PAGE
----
Our month cruise from Singapore to Italy was better than we could have hoped for, but now it was time to be back on our own and we were looking forward to it. Civitavecchia is the nearest port to Rome and most information about the port assumes people are going to Rome either to stay or to fly out of the airport. We’d used a driver in the past to get from the port to Rome, but this time we were skipping the Italian capital and heading north. I wanted to rent a car for the 2+ weeks we planned to tool around Umbria and Tuscany, but I had trouble finding clear info online. I knew the port was too big to walk out of and that passengers not wanting to rely on expensive cruise ship excursions and transfers needed to get out of the main port gate to get to other modes of transport–taxi, train, rent cars–but the info was vague. This short post is just to clarify transport options and the lay of the land at the Port of Civitavecchia.
David and I are happily back in Antwerp, Belgium, for 6 weeks once again cat- and house-sitting for some of our favorite people and cats in one of our favorite cities. As always when in Belgium, we’ll be exploring this beautiful country and scouting great beer. We’ll spend a month in Paris when we leave here, just to touch base in my old home and enjoy the holiday season before heading back stateside.
Coming up in the spring [March-June]: Another Korean Air First Class mega-flight from DFW to Seoul to Singapore(!), a few weeks in Indonesia (Bali, Java, etc.), then back to Singapore to catch a month cruise to Europe (via Sri Lanka, India (Cochin, Goa, Mumbai), Oman, UAE (Dubai, Abu Dhabi), Suez Canal, Jordan (Petra), Greece, Italy). When we get off the ship in Italy, we’ll spend a couple of weeks in Umbria (in an agrotourism farm) and Tuscany (at a small-town apartment) before flying from Florence back to Antwerp.
Venice for most of us means wine, not beer. But, for my awesome husband, everywhere now means beer. Craft beer, to be specific. So, I can’t leave Venice without a quick nod to Il Santo Bevitore, the fun little beer pub we found (after much wandering and inquiring of strangers).
To explain David’s and my fascination with good beer, you need to understand that in the last couple of years, we have spent a couple of months a year–in 1-month stretches–in Antwerp, Belgium. We cat- and house-sit there for a couple who have become friends and to whose cats and home city we’re always happy to return. We’ve developed a real love affair with tiny Belgium and along with that a real love for fine beer. David, in particular, has become very knowledgeable about all things beer and we’ve been privileged to make some world-class “beer pilgrimages:” We’ve made multiple trips to the monastery at Westvleteren, Belgium, scoring cases of rare “Westy 12,” the Holy Grail for many beer enthusiasts; we’ve visited the Cantillon beer brewery and museum, to taste unique samples of that legendary sour beer; we’re regulars at renowned beer bar/reliquary/dive “Kulminator” in Antwerp.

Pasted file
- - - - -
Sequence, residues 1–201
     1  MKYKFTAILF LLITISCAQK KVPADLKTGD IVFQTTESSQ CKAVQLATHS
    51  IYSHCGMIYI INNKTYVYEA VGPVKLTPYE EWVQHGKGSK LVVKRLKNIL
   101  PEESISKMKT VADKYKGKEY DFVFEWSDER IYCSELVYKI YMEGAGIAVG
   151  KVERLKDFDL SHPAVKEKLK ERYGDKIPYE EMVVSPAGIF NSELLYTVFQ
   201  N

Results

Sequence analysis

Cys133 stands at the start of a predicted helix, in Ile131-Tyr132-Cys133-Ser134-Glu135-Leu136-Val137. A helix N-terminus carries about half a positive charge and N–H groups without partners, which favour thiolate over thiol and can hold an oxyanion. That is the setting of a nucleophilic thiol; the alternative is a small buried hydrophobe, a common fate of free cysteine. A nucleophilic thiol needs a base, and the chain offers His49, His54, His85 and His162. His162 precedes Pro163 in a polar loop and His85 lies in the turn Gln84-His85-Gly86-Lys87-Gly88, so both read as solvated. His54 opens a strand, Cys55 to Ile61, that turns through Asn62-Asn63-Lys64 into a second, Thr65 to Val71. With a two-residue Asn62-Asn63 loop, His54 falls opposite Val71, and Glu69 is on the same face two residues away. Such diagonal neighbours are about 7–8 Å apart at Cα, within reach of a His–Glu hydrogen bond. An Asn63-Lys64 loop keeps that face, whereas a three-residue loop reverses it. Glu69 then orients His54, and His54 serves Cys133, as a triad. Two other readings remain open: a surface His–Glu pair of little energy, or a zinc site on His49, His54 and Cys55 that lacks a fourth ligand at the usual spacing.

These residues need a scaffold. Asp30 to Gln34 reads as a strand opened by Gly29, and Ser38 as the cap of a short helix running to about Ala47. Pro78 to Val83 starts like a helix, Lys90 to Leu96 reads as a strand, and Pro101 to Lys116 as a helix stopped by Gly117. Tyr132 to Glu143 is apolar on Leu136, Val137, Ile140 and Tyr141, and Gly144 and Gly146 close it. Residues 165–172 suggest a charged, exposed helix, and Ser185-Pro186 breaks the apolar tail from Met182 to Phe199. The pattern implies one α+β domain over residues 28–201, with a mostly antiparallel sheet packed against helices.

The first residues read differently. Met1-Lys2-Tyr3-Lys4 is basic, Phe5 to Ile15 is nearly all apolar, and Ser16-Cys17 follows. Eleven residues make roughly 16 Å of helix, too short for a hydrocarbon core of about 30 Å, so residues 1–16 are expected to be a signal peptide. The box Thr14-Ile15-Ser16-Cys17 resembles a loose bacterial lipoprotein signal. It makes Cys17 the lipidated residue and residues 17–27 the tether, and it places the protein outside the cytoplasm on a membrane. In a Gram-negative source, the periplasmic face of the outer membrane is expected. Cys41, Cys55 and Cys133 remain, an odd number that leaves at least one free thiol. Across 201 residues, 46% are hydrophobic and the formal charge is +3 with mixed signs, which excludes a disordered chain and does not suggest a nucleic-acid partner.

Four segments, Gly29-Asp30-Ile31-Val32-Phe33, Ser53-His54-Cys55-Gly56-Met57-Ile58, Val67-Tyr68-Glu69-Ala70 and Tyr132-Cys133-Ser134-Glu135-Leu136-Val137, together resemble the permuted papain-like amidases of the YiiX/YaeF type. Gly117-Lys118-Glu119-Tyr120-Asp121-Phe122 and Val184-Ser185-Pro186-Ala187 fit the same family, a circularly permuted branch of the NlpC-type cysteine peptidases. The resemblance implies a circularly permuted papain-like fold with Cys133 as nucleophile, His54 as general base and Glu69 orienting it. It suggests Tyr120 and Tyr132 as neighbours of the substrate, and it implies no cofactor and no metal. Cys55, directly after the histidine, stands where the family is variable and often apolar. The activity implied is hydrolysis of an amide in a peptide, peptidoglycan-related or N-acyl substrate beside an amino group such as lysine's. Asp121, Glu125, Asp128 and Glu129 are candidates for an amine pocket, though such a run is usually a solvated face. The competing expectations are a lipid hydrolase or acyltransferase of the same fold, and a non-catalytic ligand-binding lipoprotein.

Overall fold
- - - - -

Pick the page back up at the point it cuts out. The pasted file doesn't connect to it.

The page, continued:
Our 3-week Caribbean and trans-Atlantic cruise on the Costa “Deliziosa” dropped us off in Venice, Italy, on Easter Sunday, March 27, 2016. It was my 4th time in Venice and David’s 2nd, but our first time together in that magical city and we were excited. It was my first time to arrive by ship and I was surprised to find that our large ship was allowed to dock just beyond the main train station. Undoubtedly convenient, given the 2-minute ride to the train station on the super-cheap “People Mover” to which we walked from the ship, it’s still disturbing to think of allowing these sea-going behemoths so close to the fragile old city. We heard later that there are plans to ban such ships from docking so close and I can’t help but think it’s wise. If you’re going to Venice by ship, I’d keep tabs on that potential dock change.